In a recent post, we were talking about considerations that come from asking the question of ‘what’s the real significance of these microbial test results I’m seeing’. What do they actually mean for me? Remember, there are a number of different kinds of microbe tests that can be purchased in the marketplace that claim to give you information on whether there are microbes in your stored fuel. But they’re not all created equal, and for even the good ones, we have to have the right perspective on what their results actually mean to us.
Part of the Picture
In this light, we have to keep in mind that any microbial test is only going to show you a portion of the actual microbiology picture. Culture tests, like dip slides and liquid culture bottles, detect only the microbes that will reproduce on or in the nutrients provided by the test's grwoth medium. Typically, less than 0.1% of the microbes in a fuel sample will grow on any given solid growth medium and less than 1% will grow in a liquid growth medium. ATP By Filtration tests (ASTM D7687) will show you many times more - typically around 80% of the population. That's a tremendous difference.
So with any test, you only get a portion of the actul picture. Growth medium is one reason. Another reason for this can be illustrated by looking at what happens when you're testing a sample of a sample.
Start with your fuel storage tank that you’re needing to get a microbe count from. Say it’s a 5,000 gallon tank and you’re going to pull a 1 quart fuel sample that also contains some water bottom. From the start, you’re only taking a sample from one part of the storage tank, and we know that microbes can form concentrated communities in different areas of a given tank or fuel system - in other words, they can grow better or worse in different areas of the same tank. When it comes to measuring things in fuel, this is a key difference from some other physical property tests (like the fuel's density) that are more standard and uniform no matter where you take a sample.
This idea that where you sample from can influence the microbial picture you see is similar to the example of, say, measuring population density - people per square mile. You take a 4 square mile sample location and count the number of people. But you're going to get vastly different numbers if you do this in the middle of a city vs. if you do the counting in a forest. For various reasons, more people live in certain areas. And the same is true for microbes - most of the microbes in fuel distribution systems are, in fact, concentrated in certain areas of the system's surface area (i.e. on the storage tank surface). You can get different microbial pictures if you sample from different places.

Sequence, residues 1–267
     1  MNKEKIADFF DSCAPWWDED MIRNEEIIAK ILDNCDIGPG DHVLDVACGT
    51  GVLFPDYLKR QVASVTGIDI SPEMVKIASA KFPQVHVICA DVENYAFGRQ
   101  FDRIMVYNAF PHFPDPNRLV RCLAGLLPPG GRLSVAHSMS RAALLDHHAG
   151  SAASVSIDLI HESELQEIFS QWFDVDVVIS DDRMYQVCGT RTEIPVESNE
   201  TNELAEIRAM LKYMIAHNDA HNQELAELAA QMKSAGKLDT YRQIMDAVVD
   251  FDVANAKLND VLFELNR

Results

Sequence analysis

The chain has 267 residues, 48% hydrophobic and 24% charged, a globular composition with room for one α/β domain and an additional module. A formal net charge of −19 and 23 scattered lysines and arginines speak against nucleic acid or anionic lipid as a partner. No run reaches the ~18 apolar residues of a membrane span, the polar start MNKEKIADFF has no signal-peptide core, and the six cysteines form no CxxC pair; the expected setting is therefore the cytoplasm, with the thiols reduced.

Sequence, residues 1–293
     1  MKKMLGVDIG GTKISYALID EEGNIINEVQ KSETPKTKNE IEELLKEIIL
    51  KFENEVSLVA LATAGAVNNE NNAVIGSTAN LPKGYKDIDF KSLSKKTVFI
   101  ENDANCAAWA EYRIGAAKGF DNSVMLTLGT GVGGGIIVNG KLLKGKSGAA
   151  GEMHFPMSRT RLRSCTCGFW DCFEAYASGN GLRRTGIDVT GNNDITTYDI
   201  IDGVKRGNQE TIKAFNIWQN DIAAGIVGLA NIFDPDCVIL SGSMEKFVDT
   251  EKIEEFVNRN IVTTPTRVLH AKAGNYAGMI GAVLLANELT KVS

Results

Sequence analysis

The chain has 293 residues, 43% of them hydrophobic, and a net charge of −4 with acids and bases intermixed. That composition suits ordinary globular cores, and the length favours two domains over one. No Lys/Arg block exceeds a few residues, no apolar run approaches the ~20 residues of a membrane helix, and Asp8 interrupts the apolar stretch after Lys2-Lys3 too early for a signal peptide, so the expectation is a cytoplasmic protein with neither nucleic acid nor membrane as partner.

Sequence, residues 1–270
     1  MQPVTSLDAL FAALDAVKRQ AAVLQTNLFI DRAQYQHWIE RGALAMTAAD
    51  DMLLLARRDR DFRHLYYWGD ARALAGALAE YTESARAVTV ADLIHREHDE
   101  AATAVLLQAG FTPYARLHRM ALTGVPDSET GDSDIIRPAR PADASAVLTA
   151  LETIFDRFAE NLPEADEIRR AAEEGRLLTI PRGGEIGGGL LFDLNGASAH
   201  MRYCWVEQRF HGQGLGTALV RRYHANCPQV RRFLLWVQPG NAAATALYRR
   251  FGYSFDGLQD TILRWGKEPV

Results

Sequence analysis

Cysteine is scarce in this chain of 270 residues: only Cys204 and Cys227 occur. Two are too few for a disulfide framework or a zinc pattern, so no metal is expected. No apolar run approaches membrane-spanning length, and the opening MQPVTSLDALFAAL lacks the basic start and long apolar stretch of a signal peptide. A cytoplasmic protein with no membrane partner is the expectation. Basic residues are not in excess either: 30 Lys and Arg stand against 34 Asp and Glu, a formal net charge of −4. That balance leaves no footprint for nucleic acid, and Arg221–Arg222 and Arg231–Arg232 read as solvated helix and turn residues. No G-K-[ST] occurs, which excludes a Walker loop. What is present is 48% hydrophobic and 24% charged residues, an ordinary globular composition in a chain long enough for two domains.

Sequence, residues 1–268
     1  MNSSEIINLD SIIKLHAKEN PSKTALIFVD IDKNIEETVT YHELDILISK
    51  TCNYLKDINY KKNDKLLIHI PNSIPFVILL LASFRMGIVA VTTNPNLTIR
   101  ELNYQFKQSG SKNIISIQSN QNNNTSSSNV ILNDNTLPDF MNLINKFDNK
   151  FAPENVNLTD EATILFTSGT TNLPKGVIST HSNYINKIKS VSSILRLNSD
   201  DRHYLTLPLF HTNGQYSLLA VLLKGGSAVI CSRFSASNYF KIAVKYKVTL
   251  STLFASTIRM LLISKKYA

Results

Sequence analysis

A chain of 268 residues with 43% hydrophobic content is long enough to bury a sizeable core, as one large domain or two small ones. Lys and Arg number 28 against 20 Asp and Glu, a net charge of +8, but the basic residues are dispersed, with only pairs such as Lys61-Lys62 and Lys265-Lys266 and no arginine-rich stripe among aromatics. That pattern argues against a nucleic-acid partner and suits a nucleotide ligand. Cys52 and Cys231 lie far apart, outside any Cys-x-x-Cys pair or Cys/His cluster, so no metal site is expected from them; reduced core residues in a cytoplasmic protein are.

So you would want to keep this in mind, that the sample you’re taking will give you part of the picture, but you can never assume it’s a 100% complete diagnostic reflection of everything in there. The more samples you took (and tested) from different areas of the tank, the closer to complete reflection you would move.
But wait, there’s more. Once you have that sample, you’re going to only use part of that to conduct your ATP test on. And microbe counts can actually vary even within that little 1-quart sample that you took away from the storage tank.
For example, a fuel microbiologist knows that in a tank sample with a layer of fuel on top, a microbe-dense interface in the middle (also called a rag layer), and tank water on bottom, he/she could get significantly different microbial counts taking subsamples from different areas of that 1-quart sample. And that’s what you’re going to be doing with any microbe test, you're taking a “sub-sample” or "specimen" from the sample. You’re not going to use the entire 1-quart sample in any of these test methods. The microbial count from fuel taken at the top of the container will be different than one taken from the rag layer interface or even the free water phase. Given that these differences exist, you'll get your most diagnostically useful sub-samples is within a cm above or below where the rag layer and free-water phases meet.
Again, that’s a fact that you have to take into account when you’re assessing the significant and validity of any microbial testing of stored fuel that you’re doing. It’s an inherent margin of error that you always want to keep in mind. Depending on the situation and your resources, you can try to bridge these error gap by maybe doing something like conducting several tests on the subsamples from multiple areas within that sample container. That would start to flesh out the picture for you.
You can never completely eliminate these kinds of considerations, these built-in margins of error. Neither should that imply that because there’s some inherent error buffer, there’s no point in microbe testing (that would be absolutely the wrong conclusion). Scientists have long recognized and accounted for these kinds of variances. They recognize that they’re there, but that’s never stopped anyone from seeking answers to the questions. Pollsters don’t stop surveying sample groups of people about who they’re going to vote for simply because there’s a margin of error that has to be accounted for in a given survey. But it’s important to know that they exist and to keep them in mind as a limitation on the meaning of the results that you’ll be getting.
This post was published on July 5, 2019 and was updated on July 8, 2019.